Masks on: DR MYSTERY talks lost files, Martyn, and Manchester's club scene

Finest catches up with a fast-rising selector and producer who calls our fair city home to understand exactly where she's coming from.

By Martin Guttridge Hewitt | 21 December 2022

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We first meet Natasha at one of our top alcohol-free hangouts, Chapter One Books, in the heart of the Northern Quarter. As per usual, the spot is packed with the great, good, well-read, and just plain cool of central Manchester, location chosen by the woman herself.

Better known to most as DR MYSTERY, after ordering a Moroccan Mint Tea, we start with a simple question: “Why did you pick this place?” Explaining that, while this isn’t somewhere she’s necessarily always at, it’s somewhere she likes because of the broad clientele, beautiful interior and fine line between informal and professional, from here the conversation flows easily.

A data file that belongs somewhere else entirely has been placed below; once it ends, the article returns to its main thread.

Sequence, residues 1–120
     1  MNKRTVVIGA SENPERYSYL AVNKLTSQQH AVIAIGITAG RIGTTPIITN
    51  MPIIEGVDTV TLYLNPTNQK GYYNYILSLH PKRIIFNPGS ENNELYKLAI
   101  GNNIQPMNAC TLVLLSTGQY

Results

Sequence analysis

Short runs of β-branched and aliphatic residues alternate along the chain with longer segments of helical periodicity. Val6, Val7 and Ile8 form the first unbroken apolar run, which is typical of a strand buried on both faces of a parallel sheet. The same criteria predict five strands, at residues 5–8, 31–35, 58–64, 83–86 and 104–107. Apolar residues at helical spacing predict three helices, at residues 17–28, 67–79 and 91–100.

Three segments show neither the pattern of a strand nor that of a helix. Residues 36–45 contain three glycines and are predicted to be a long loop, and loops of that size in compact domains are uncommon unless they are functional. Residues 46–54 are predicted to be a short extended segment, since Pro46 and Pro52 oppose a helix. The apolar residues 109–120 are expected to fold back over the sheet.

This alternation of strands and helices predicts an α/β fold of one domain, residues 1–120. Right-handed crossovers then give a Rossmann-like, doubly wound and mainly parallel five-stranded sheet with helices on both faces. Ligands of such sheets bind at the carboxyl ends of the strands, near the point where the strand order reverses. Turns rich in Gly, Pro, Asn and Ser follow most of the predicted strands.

We talk about her upbringing as daughter of a single mother in Riga, Latvia, where music was a constant — disco pop played during games lessons, the hip hop group she tried to start with friends, an all-European crew called New York Clan. We discuss her desire, from an early age, to explore the world, and new ideas. We ask if that maybe informs her DJ sets and productions. We learn DR MYSTERY was a joke name with a childhood friend (who in turn called herself Dr Love), and the mask she dons for shows is more about freeing herself and creating a new identity than anonymity.

Sadly, though, technological meltdown leading to a corrupted file loses the recording. Tail between legs, we apologetically beg forgiveness. Reassuringly, this softly spoken rising talent of the Manchester electronic community is more than understanding, and the timing might even be better now. After all, her track, ‘Sata’, just dropped on one of dance music’s finest labels, Jeroen Erosie and Martyn’s 3024. And long-awaited vinyl pressings of her debut album, ‘Far From Home’, have just landed in stores via our hometown’s own Ono imprint, complete with stunning individually screen-printed sleeves made in Latvia.